Gardening Help FAQs

Here are answers to some of the most common questions we receive about garden plants. You will find concise information on general gardening techniques as well as plant selection and care. For detailed information on specific plant pests and problems refer to our Common Garden Pests and Problems page.

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Horticulture Questions and Answers

How do I create a meadow garden?

With a trend towards establishing more naturalized landscapes, planting a meadow garden is becoming popular amongst gardeners who have learned to appreciate the array of colors, textures and simple beauty. In Nature, wildflower meadows are not created overnight. Much hard work and patience is needed to grow a meadow garden in your yard which will flower year after year. Here's how to do it.

To begin, you must select the proper site; initially, think small! Frequently, meadow gardening is discussed in terms of acres, but for most home gardeners, this is impractical. An area ranging from 100 to 2000 square feet is a good, manageable size. The site should have full sun, be well drained and have good soil structure. Soil structure, is very important for the formation of deep roots, which help plants survive the long dry summers.

When you begin the process of selecting plants for the meadow, acquire a good list of Missouri native wildflowers and grasses. The Missouri Department of Conservation's list also includes Midwest seed sources. Consider height, bloom period and color of each selection. In nature, meadows are comprised mostly of grasses which function to prevent soil erosion, invasion of weeds and stabilize the wildflower population from blowing over in the wind. They also provide a nice contrasting background for the wildflower's color.

Up to 2000 square feet, limit your choices to a total of six to eight different kinds of wildflower and grass plants. Approximately 60% of the mix should be grasses and 40% wildflowers. You will need a little less than a quarter of a pound of seed per 1000 square feet.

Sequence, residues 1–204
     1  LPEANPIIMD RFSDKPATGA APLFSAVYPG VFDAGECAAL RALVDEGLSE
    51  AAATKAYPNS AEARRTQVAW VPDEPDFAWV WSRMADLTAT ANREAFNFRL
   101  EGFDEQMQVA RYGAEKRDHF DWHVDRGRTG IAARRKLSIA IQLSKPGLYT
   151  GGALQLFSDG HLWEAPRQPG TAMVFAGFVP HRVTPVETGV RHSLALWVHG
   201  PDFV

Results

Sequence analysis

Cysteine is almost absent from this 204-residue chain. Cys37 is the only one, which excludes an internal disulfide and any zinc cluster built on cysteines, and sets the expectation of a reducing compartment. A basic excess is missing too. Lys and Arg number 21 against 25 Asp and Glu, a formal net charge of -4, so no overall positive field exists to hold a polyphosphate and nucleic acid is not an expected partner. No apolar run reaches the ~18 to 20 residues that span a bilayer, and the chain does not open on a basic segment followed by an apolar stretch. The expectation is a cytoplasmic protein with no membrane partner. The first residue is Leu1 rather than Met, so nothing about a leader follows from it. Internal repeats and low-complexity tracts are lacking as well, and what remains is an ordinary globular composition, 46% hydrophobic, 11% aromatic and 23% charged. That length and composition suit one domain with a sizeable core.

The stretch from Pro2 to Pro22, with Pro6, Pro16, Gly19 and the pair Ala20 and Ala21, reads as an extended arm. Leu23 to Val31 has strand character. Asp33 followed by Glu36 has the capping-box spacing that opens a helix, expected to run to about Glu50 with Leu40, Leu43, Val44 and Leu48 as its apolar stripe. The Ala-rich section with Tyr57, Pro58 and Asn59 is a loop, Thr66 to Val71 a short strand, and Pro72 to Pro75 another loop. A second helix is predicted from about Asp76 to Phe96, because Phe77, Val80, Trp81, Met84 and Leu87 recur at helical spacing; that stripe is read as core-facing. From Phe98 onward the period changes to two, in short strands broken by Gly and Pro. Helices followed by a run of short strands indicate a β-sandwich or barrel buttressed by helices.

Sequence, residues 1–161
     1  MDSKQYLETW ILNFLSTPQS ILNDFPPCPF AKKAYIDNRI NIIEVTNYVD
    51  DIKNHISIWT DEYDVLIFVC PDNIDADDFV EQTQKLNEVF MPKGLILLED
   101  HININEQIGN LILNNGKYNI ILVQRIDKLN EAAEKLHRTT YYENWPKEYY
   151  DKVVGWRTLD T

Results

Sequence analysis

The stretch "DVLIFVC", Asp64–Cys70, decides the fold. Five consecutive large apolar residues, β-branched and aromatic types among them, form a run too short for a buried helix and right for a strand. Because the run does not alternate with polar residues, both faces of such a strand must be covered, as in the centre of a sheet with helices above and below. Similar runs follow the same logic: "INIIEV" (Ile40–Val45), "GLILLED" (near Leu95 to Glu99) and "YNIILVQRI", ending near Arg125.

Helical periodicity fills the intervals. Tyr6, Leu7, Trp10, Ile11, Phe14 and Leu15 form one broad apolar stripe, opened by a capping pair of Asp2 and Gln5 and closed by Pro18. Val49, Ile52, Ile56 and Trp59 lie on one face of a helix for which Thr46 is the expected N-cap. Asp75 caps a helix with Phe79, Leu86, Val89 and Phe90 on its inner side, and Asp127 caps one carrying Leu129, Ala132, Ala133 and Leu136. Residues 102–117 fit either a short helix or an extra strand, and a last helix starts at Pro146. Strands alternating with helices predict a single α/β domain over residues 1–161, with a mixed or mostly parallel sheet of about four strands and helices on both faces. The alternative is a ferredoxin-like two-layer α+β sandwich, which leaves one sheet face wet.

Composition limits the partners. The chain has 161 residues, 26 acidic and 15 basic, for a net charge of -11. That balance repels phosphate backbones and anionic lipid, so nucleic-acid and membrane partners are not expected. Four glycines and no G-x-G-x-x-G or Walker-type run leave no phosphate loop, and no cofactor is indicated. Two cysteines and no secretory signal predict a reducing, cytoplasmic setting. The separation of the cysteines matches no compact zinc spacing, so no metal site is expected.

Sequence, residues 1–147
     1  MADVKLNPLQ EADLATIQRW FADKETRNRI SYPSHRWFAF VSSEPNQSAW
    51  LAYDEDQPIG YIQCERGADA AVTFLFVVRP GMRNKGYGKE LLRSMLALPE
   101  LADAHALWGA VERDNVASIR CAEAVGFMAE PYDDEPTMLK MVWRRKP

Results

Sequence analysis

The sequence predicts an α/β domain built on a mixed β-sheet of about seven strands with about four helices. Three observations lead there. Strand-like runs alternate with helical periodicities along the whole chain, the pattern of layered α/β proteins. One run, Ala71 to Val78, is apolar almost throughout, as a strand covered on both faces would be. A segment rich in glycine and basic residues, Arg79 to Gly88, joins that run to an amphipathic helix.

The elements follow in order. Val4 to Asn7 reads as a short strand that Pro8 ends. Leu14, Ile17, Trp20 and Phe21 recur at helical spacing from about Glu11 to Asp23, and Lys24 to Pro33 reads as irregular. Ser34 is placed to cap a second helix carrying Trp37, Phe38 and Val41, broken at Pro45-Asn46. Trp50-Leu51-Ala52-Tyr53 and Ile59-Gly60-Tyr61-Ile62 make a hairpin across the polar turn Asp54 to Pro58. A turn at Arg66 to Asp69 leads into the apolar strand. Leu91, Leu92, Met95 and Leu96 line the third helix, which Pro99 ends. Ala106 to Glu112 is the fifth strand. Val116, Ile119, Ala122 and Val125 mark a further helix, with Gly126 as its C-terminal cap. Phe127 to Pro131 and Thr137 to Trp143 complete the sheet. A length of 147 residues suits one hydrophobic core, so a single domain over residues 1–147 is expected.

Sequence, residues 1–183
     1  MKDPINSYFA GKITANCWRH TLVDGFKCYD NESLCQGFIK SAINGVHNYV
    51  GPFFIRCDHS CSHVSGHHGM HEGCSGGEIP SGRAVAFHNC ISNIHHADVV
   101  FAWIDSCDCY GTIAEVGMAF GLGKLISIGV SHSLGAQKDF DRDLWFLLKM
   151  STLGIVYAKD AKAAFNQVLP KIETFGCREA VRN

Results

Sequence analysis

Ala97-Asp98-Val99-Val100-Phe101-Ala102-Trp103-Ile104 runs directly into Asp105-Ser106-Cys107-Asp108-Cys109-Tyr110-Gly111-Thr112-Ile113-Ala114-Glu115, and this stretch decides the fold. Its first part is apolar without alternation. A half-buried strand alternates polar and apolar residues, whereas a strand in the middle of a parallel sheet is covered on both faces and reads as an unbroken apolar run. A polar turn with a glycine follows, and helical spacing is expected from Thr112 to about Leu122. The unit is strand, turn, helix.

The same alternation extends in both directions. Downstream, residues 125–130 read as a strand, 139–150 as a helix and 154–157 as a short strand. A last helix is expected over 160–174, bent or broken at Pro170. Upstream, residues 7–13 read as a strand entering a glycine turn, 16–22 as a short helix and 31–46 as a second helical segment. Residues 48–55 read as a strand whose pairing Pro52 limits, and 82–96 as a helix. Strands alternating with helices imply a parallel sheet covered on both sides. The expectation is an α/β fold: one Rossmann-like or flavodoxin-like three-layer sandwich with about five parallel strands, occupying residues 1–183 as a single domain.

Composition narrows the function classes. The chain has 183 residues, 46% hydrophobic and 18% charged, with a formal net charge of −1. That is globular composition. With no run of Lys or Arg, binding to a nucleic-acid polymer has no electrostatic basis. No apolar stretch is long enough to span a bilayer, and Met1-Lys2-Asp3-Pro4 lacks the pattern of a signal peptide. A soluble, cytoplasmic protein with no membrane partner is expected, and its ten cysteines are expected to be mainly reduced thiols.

Prepare the site for seeding, by clearing existing vegetation. The best time to start the process is in the fall. Till over the entire area to a depth of four-to-six inches. In early spring, newly emerging weeds should be tilled-in approximately every two weeks up until planting time, late March or early April. You can use a broad spectrum herbicide to clear out the weeds. However, a well-tilled soil is extremely important for good seed germination and plant establishment. Do not skip this step!

Once the site is prepared and smoothed over, you are ready to plant. Planting time is very important. The ideal time is: after the ground has thawed and before the spring rains, when the weather is cool. Seed can be broadcast by hand. Because the seeds are very small, it is a good idea to mix seed with sawdust or sand so the seed can be spread evenly. Cover the seed with a light layer of soil by shallow raking with the back of the rake. Place a board over seed, and step on it to firm the soil, ensuring good soil to seed contact.

Weeds can be a problem in the first year because wildflower plants initially spend more time growing roots than leaves. Uncontrolled weeds can choke-out the wildflowers. Old fashion hand pulling is one remedy. This means hard work to stay ahead. If you prefer this method, be sure that you recognize which is a weed and which is a wildflower. Grow some of your selections in pots so you recognize the seedlings. If the weeds do get out of control, you can mow the area at a height of 6 to 8 inches, two-to-three times during the summer.

The site should begin to resemble a meadow by the second year. After the second year, and every three-to-four years after the flowers have set seed, the meadow should be mowed to 6 to 8 inches high and the loose vegetation composted. Natural meadows are renewed by burning; which will either require a permit or may be prohibited altogether, depending upon where you live. Burning kills woody plants, weakens weed seeds and breaks down the organic material, preventing self sown seeds from reaching the soil surface to germinate.

As a last note, use fertilizer cautiously. Use of a fertilizer high in nitrogen can result in abundant foliage growth at the expense of flowers.